All my doggs keep asking me how to set up a server. I ask them what kind of server, but they never really know. They want to learn Linux, and I want them to too! So I barked to myself, “Why don’t we write up a post to show them how!” Yea! So here I’ll write up how to install a nice new CentOS 5.5 Linux server.

First, we will need to download the necessary software and burn it to a disc, so go grab yourself a copy of CentOS from one of their mirrors. There are both 32bit (i386) and 64bit (x86_64) versions. Download the best one for your hardware. If you aren’t sure, get the 32bit version. There are both CD and DVD editions available; again get the version that your hardware supports. There is no difference in the CD vs. DVD, except for the size and quantity of discs.

After you have downloaded the .iso image, burn it to a disc with your favorite image burning software. CDBurnerXP is a free disc burning application that works on many different Windows operating systems, and can burn many different types of discs.

Well, now we can actually get started with the installation! We’re going to have to boot from the CD we just created, and your BIOS must be set to boot from CD-ROM. Sometimes this is already configured for you, but you may have to configure it yourself. Configuration is accomplished by entering the BIOS immediately after turning on the computer, and configuring the boot order. To get in to the BIOS we must press the correct key, which can be different for each BIOS brand. Sometimes there will be a message telling you what button to press, other times there isn’t. Most common options are the F1, F10, DEL, and ESC keys. If you aren’t sure, and you don’t see a message telling you what to press immediately after turning on your PC, head over to Google and search for how to enter the BIOS on your specific PC.

Once we boot from the disc, we will see a message similar to what is below:

Here you can enter any special instructions to be used during boot.  We won’t need any here, so just hit enter and wait for the next screen:

You can test the media here, to ensure that the disc was burned correctly.  After testing we will be transported into a magical land of fire hydrants and graphical installers!  Ok, maybe no fire hydrants, but a dogg can dream!

The next few screens will ask you to select your language and keyboard layout, then move into setting up the hard disk:

Select the option to “Remove all partitions on selected drives and create default layout” from the drop down menu.  Also check the box next to “Remove and modify partitioning layout.”

It is important to know that after this point, we will be erasing everything on the hard drive, so any data on the drive will be lost!

We also need to talk about the disk partitioning structure real quick.  We can just choose the default layout, and with larger hard disks or less used servers, that is fine.  But that’s not what this dogg is all about!  So we are going to create a better layout.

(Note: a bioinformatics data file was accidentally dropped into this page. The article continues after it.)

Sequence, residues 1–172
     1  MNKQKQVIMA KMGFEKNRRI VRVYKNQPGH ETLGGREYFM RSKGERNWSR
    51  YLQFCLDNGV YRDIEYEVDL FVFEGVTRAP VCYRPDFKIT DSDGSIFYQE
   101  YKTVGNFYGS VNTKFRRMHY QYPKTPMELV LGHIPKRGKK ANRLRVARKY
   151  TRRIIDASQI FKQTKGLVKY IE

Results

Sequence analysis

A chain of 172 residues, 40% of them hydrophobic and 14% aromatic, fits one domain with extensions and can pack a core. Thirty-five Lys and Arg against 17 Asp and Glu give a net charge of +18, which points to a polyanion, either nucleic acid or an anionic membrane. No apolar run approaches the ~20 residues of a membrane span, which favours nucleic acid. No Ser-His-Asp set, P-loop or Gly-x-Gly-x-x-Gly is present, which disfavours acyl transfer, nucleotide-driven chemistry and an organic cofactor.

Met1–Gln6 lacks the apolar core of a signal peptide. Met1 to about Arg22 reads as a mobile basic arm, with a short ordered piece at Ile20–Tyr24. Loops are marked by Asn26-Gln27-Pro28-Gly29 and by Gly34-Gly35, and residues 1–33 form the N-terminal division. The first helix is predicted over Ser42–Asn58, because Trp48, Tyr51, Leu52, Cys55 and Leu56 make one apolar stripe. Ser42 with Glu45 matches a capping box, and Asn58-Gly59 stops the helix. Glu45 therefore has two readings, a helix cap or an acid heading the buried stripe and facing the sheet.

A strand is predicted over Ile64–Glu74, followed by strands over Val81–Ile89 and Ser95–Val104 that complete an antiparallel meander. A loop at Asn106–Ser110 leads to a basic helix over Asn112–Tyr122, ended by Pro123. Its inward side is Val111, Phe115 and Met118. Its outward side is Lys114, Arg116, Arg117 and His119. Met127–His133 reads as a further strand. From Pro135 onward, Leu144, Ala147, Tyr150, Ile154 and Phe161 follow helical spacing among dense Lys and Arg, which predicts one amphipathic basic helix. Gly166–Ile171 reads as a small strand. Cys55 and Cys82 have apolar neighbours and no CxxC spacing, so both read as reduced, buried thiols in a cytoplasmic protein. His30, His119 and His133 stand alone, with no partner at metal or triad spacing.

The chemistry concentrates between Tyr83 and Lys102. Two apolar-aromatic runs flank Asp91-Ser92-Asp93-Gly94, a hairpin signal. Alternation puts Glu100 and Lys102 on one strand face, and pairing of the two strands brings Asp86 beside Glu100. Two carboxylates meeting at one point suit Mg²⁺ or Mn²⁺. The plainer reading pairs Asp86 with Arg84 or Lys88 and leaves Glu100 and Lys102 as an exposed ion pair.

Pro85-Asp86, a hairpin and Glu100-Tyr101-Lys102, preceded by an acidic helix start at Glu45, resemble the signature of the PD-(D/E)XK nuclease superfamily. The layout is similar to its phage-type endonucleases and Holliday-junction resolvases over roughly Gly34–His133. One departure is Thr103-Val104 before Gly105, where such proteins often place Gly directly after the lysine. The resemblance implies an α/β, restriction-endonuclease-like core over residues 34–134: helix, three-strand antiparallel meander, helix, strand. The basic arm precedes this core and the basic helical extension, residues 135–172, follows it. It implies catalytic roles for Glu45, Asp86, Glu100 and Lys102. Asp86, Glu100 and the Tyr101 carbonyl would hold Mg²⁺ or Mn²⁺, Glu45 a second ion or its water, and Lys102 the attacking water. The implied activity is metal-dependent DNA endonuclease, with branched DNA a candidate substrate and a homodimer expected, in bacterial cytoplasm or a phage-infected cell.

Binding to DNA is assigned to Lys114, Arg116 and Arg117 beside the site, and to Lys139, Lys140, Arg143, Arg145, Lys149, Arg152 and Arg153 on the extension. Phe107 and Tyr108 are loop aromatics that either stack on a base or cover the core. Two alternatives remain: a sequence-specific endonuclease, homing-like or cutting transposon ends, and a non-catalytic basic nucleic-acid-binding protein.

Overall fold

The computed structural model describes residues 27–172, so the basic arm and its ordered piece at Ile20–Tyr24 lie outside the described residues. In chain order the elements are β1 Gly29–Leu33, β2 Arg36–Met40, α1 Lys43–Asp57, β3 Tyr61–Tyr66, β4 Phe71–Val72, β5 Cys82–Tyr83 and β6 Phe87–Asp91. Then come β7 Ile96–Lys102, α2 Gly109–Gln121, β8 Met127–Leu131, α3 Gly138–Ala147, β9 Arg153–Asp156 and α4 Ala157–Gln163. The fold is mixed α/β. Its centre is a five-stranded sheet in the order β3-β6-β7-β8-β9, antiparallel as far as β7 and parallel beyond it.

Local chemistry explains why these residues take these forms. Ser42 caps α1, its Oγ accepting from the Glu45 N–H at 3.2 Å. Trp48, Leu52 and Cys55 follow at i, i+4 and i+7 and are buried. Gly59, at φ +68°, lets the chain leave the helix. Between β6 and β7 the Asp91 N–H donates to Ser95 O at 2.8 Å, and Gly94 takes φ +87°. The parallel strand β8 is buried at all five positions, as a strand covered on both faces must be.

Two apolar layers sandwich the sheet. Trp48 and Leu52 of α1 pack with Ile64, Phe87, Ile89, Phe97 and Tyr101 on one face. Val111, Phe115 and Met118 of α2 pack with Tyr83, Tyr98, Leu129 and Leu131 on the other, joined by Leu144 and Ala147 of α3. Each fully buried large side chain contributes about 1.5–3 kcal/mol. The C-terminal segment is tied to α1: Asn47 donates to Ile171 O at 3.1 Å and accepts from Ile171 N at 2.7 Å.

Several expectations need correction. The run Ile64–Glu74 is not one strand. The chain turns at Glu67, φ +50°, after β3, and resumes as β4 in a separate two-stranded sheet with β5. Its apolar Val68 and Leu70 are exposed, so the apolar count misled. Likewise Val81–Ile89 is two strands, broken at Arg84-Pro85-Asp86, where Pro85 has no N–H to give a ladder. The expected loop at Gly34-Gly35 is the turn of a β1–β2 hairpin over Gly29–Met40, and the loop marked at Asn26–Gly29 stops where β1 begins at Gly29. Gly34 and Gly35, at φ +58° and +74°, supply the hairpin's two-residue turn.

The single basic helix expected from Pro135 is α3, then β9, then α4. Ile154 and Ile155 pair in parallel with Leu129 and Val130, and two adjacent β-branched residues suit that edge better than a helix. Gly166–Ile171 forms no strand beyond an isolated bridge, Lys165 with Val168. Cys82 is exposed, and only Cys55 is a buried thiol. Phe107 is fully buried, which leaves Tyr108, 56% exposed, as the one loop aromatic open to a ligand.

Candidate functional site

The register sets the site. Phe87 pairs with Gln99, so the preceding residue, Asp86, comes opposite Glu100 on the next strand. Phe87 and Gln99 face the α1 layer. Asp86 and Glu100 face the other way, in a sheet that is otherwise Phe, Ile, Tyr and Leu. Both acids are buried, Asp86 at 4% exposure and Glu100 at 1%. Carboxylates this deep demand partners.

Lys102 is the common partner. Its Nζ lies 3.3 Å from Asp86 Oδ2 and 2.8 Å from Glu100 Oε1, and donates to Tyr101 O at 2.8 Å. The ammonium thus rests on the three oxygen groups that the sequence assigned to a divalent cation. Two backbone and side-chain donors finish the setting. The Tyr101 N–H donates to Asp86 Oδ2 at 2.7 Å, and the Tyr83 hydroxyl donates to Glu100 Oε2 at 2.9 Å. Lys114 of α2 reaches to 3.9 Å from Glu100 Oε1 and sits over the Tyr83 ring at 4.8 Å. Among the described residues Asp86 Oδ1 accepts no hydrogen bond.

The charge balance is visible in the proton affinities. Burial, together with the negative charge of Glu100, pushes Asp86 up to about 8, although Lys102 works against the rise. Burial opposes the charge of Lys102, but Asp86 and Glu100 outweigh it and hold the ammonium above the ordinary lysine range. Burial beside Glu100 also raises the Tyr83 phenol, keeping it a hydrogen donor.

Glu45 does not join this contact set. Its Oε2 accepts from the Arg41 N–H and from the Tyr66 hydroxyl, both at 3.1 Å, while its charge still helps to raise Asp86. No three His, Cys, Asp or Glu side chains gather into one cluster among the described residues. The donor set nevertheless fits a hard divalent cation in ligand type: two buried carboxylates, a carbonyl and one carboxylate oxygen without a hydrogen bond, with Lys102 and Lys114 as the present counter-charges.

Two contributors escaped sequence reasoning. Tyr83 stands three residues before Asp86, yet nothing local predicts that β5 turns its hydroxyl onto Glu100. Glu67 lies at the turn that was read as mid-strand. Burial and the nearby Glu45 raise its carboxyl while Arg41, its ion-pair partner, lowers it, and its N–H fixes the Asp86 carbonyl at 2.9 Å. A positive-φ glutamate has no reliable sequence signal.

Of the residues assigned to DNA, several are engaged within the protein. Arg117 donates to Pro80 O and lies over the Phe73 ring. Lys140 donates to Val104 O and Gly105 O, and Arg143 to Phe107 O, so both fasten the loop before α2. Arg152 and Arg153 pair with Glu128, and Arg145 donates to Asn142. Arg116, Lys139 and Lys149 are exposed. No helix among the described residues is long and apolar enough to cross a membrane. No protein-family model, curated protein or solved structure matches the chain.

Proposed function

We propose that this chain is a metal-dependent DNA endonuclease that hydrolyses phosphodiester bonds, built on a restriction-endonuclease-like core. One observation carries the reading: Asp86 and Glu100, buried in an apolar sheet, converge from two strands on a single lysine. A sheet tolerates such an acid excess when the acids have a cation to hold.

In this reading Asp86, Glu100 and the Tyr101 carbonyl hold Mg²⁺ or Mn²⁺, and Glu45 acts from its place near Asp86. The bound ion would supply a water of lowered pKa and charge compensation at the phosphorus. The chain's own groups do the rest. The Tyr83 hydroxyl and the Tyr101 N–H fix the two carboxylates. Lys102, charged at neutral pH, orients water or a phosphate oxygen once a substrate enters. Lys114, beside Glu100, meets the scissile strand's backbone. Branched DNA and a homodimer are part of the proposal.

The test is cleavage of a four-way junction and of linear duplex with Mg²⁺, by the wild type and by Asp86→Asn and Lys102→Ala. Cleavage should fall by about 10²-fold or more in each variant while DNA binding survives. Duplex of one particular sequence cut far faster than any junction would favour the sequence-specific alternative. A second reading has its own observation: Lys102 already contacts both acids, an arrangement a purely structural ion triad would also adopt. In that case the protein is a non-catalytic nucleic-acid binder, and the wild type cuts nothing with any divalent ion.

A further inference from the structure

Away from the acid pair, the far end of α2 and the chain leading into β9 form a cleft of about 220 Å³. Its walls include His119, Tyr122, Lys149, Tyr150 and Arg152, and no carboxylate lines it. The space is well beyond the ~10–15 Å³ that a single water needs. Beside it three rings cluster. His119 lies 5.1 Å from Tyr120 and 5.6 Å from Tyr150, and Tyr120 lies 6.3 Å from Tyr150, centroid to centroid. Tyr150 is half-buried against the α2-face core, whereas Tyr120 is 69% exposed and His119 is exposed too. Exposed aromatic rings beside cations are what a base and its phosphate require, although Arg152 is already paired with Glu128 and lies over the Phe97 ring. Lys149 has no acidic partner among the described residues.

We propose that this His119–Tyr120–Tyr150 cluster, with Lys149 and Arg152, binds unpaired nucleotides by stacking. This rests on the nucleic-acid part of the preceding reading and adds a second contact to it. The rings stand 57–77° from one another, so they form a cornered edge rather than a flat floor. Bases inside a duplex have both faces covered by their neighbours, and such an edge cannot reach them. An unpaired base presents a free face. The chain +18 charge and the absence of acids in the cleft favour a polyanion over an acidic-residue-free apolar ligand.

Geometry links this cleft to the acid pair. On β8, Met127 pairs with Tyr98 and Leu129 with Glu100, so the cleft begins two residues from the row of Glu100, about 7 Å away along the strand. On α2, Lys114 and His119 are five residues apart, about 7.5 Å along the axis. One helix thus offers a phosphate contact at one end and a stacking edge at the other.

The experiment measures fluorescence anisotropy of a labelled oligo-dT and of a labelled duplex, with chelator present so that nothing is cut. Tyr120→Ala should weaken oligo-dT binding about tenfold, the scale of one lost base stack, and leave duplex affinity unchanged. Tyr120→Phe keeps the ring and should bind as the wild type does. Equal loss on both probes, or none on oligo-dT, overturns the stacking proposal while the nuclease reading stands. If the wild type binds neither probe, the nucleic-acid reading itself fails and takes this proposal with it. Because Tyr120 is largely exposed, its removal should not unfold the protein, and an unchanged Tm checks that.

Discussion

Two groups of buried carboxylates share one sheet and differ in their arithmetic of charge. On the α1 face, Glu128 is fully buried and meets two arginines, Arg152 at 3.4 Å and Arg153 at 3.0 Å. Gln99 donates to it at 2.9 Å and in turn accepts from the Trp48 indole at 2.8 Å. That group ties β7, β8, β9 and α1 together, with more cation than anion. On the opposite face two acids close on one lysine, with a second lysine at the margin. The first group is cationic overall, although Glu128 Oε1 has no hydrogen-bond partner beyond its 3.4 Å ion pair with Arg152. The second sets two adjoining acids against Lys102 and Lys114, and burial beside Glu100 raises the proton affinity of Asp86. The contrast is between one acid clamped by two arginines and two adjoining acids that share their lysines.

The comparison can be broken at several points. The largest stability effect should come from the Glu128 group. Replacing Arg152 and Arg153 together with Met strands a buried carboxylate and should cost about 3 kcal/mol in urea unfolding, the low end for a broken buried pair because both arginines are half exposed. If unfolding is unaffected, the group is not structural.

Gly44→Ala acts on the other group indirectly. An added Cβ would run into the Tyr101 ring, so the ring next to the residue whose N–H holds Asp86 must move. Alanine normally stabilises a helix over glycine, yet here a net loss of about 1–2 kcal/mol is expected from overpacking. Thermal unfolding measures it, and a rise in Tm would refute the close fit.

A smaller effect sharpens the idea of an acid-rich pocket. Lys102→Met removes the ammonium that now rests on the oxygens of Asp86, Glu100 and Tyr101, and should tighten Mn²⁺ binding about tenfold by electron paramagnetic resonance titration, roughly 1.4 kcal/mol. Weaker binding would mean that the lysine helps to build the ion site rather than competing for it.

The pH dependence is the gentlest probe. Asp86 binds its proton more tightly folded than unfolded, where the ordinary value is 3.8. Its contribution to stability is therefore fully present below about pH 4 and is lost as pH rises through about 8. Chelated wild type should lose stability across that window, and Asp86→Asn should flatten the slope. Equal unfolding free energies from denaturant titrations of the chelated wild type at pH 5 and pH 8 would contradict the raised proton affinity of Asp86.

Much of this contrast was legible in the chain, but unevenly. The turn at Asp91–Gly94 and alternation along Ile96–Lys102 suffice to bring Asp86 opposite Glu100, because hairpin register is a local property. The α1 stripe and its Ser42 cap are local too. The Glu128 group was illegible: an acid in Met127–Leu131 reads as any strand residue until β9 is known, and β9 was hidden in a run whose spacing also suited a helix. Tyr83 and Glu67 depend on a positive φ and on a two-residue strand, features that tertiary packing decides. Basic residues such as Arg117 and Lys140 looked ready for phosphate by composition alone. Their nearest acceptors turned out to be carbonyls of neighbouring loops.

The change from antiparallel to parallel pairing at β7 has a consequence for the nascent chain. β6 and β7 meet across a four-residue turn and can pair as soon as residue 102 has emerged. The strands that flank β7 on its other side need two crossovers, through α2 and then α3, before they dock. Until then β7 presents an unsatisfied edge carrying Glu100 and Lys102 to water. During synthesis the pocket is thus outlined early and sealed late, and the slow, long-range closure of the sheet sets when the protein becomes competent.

We don’t want a rogue user or runaway log file to take up all our disk space (which can bring our server to a halt), so we’re gonna separate the /home directory (where all users will store their files), the /tmp directory (where temporary files are stored), the /var directory (which contains the log files, among other things), and the / directory (the root directory), which will contain everything else.

Some people will separate the directories even further, creating an additional separate partition specifically for the log files (/var/log), along with some others.  Take a look at the image below for a basic idea.  If you are lost at this point, just go back to the previous screen and uncheck the box next to “Remove and modify partitioning layout.”

Next we find ourselves at the GRUB boot loader setup.  Keep the default options here and continue to the network setup.  I like to specify the fully qualified domain name here in the hostname box.  You can just specify the hostname, if you don’t have a domain name yet.  Leave everything else as default, and continue on to the time zone configuration.  Select your time zone, and keep going!  Next we will create a root password, which we are going to need later, so don’t forget it!  Now we are finally ready to start selecting the software to install!

I like to install my servers with a minimum amount of software, and add what is necessary later.  This helps keep disk usage low, and avoids installing unnecessary software which can use up resources down the road.  Select just the option for the Server configuration, and click next.  You can optionally select the “Customize Now” option, and add any additional software you want, along with removing anything you don’t want.

Continue through the remaining menus, and you should be ready to install!  After installation you will be prompted to remove your installation disc and reboot.  After doing this, you will now have a brand new, fresh & clean, CentOS Linux server! Next time, we’ll cover some initial server security setup, and take a look at what all we can do with our server. But for now, I’m going for a walk!

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